Cree McCree, a New Orleans environmentalist and designer has designed a line of nutria clothing dubbed Righteous Fur. Her aim was to create a fashion trend using the bane of the wetlands, nutria. Create a demand and the market will take over, helping to keep the marsh grass chomping swamp rats under control.
Her first fashion shows were in New Orleans and Thibodaux. That was a few years ago. This week, she hit the runways of New York. A fashion Nutria-palooza will take place at the House of Yes, an art space in Williamsburg, Brooklyn, on Sunday.
Sponsored by the is the Barataria-Terrebonne Estuary Foundation, the show is as much an environmental education opportunity as it is a fashion statement. For the fur-phobic, nutria, says McCree is a guilt free way to go.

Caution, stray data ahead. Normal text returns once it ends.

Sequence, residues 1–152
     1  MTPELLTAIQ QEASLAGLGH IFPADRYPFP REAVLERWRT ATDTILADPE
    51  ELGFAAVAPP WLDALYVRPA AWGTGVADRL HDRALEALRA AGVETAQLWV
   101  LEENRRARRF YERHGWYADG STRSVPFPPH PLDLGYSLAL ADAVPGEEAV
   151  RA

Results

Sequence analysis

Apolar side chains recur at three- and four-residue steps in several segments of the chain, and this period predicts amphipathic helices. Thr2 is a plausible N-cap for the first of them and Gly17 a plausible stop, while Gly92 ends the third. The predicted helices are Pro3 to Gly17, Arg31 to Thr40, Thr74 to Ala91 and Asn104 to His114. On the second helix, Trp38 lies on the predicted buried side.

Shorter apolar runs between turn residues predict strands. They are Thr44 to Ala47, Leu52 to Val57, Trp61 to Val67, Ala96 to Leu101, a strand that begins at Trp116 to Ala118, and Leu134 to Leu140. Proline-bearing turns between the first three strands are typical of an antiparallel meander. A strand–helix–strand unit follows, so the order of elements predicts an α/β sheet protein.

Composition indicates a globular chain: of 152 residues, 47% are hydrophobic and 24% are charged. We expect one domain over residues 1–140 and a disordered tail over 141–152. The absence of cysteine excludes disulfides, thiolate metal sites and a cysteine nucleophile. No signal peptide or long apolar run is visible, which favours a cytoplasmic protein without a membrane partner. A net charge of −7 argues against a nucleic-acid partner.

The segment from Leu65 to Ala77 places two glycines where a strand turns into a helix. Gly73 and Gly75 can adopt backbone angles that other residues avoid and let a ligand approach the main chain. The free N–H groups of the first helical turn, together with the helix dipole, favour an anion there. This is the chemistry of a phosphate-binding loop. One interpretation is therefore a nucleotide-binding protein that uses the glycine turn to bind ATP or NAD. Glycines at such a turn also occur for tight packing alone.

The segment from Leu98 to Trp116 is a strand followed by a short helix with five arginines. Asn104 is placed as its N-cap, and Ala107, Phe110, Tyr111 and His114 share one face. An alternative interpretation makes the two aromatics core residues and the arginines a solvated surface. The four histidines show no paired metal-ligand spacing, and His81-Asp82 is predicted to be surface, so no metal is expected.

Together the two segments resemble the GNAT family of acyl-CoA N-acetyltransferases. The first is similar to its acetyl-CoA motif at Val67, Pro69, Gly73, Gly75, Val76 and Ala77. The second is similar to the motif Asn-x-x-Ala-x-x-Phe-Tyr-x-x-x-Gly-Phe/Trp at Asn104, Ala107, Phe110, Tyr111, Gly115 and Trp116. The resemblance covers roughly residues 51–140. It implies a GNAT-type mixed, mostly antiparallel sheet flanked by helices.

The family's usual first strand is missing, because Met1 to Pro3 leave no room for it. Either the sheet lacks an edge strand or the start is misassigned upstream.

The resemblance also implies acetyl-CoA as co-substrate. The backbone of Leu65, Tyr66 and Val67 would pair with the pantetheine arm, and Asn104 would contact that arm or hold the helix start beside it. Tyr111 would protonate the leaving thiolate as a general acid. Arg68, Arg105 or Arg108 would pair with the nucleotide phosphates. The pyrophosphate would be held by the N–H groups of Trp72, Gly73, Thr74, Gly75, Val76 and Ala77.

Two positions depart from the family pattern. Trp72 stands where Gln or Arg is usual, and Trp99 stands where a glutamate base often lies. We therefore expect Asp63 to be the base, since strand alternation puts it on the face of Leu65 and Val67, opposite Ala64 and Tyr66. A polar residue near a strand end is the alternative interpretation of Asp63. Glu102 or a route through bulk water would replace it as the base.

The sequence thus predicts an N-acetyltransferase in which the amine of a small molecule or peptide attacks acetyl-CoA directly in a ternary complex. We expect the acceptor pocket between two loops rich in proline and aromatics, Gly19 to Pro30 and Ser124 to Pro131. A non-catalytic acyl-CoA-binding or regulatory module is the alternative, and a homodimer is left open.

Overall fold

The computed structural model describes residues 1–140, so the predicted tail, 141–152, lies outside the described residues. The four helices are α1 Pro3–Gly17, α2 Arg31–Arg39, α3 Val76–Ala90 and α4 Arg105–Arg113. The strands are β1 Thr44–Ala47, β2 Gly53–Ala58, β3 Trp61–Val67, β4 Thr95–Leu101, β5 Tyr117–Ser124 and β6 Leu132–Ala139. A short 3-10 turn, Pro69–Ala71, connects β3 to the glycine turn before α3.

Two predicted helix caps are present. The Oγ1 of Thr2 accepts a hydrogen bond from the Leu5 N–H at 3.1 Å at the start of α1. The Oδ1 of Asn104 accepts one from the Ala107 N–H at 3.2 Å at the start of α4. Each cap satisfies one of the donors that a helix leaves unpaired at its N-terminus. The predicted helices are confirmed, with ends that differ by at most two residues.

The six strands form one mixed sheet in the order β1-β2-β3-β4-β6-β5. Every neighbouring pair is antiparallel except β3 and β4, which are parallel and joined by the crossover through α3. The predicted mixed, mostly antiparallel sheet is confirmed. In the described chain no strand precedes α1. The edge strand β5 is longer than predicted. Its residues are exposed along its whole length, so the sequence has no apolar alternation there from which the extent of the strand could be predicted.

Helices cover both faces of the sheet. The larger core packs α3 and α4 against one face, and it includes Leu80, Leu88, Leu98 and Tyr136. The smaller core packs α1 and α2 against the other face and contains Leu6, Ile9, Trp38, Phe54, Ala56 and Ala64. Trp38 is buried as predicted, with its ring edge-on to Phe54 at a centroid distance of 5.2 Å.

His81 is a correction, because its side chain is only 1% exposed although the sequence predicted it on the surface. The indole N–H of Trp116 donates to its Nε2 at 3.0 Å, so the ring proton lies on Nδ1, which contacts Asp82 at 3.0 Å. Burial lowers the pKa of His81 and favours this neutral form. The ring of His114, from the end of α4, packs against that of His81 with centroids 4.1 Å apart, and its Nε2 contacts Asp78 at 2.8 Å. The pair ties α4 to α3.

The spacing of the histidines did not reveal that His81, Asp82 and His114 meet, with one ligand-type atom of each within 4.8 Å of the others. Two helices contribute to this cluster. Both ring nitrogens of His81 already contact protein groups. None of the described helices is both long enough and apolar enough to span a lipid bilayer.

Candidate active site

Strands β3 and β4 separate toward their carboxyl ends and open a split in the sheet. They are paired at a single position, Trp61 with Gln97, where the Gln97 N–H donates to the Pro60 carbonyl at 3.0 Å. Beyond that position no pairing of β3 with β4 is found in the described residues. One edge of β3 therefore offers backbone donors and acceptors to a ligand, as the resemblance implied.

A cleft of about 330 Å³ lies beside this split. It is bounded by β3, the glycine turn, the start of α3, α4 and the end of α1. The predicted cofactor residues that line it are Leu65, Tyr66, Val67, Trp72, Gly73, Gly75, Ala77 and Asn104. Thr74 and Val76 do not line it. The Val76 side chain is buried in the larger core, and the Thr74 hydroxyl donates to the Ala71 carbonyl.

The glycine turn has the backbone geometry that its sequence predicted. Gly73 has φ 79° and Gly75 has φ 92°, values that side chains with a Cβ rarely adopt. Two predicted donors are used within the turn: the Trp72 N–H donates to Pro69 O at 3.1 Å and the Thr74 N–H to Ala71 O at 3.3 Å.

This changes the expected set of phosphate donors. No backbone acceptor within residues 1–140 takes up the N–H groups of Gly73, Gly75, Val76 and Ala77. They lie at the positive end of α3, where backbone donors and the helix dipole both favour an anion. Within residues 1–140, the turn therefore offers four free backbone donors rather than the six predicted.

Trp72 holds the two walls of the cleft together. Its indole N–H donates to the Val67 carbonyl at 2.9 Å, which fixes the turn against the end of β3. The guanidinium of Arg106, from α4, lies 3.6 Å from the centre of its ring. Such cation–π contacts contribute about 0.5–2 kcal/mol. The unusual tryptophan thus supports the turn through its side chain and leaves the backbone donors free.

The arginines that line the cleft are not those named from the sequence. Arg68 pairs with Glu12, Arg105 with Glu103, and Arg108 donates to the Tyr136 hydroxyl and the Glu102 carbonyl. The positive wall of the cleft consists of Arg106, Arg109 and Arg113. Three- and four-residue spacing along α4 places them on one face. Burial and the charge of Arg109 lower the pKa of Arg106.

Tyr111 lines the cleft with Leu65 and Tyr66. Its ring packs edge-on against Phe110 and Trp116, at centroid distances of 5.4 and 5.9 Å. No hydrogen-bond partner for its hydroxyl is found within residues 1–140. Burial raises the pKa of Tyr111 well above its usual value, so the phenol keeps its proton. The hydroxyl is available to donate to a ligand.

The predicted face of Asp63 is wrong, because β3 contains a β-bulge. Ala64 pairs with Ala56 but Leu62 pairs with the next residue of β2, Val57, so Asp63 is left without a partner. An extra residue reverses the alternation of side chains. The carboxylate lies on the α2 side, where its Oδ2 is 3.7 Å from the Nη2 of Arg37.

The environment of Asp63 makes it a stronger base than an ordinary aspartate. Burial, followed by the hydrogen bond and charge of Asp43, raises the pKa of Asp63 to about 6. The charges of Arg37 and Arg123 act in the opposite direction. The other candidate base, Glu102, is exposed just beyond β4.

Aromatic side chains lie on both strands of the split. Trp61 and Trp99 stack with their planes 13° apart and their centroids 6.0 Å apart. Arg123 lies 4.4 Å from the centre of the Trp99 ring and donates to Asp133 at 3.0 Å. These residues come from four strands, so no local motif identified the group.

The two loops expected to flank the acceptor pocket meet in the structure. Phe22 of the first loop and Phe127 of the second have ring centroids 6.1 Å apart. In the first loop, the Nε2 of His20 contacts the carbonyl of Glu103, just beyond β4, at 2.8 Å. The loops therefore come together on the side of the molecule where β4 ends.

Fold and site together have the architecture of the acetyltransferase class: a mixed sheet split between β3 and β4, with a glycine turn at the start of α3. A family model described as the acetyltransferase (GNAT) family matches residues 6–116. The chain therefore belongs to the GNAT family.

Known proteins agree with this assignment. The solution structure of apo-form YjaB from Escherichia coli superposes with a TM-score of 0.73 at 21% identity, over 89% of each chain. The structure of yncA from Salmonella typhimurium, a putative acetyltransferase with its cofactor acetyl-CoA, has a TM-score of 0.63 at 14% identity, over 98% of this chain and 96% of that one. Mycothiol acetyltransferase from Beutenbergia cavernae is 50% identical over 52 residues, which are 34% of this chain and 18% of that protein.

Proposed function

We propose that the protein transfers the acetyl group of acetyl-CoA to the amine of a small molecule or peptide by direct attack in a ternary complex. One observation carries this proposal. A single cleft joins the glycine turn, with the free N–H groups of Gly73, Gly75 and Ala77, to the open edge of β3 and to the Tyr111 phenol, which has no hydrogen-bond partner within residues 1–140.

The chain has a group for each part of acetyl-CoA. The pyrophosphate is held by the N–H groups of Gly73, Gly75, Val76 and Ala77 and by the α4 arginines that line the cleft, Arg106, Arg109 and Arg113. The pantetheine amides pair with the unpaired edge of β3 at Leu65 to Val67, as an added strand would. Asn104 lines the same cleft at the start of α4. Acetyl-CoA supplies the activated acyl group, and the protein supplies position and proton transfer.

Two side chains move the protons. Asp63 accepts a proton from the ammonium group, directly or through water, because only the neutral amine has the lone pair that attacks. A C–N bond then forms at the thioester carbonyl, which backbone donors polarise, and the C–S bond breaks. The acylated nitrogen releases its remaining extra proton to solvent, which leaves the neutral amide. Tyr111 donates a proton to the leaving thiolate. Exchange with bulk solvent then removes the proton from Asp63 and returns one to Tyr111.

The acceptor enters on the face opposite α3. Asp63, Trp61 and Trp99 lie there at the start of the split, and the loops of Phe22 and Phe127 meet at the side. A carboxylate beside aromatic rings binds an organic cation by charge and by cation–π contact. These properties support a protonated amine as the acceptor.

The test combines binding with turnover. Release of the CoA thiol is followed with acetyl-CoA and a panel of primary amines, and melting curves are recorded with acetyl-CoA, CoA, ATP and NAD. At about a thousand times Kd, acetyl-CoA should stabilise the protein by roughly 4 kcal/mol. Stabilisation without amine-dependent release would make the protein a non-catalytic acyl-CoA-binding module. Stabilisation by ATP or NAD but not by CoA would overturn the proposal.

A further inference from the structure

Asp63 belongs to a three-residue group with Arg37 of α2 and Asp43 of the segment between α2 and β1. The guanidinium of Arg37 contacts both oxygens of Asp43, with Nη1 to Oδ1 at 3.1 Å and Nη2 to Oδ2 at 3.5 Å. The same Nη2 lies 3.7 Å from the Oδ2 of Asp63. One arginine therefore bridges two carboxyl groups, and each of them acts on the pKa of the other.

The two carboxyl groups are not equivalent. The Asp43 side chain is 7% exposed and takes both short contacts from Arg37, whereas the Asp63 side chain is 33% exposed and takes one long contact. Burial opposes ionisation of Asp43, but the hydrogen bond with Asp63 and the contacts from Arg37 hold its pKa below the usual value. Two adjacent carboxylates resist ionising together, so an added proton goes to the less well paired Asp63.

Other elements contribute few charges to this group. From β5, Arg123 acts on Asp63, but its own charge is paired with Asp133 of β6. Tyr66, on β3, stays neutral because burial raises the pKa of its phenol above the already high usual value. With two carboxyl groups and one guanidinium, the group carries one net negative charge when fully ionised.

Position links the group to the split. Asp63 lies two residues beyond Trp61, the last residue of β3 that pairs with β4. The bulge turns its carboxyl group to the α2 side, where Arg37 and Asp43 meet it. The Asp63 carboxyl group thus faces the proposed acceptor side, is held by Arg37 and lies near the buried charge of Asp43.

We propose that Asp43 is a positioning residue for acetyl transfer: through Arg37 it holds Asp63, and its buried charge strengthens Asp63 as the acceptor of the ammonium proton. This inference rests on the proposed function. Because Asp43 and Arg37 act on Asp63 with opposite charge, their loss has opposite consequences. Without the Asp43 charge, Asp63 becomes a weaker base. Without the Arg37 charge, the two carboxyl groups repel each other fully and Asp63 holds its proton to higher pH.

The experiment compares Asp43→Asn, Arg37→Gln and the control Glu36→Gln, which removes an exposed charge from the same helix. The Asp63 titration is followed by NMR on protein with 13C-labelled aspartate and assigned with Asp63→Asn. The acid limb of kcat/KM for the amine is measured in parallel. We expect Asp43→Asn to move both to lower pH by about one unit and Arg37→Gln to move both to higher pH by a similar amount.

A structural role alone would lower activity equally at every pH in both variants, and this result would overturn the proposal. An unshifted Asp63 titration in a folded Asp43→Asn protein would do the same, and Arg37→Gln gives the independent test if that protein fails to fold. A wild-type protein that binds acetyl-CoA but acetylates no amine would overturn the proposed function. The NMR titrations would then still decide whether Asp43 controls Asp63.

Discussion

And nutria fur is making inroads. According to the New York Times, designers like Billy Reid, Michael Kors and Oscar de la Renta have incorporated nutria lining or trim in recent collections.
It’s a start. Now if we could only persuade Rachael Ray to come up with a nutria spaghetti sauce, we’d save the wetlands for sure.
David Calhoun and Elizabeth “EB” Brooks are the first two employees of Lafayette Central Park Inc., the nonprofit charged with turning Lafayette Consolidated Government’s 100-acre Johnston Street Horse Farm property into a passive public park. Calhoun was named executive director, and Brooks is director of planning and design.
There will soon be a whole lot of shakin’ going on at Benny’s Sportshack Supplement Depot, a new concept by Opelousas native Benny Nele. Located at 2002 Johnston St., the supplement shop, smoothie bar and café, featuring hot off the press paninis and wraps, plans to open in late May.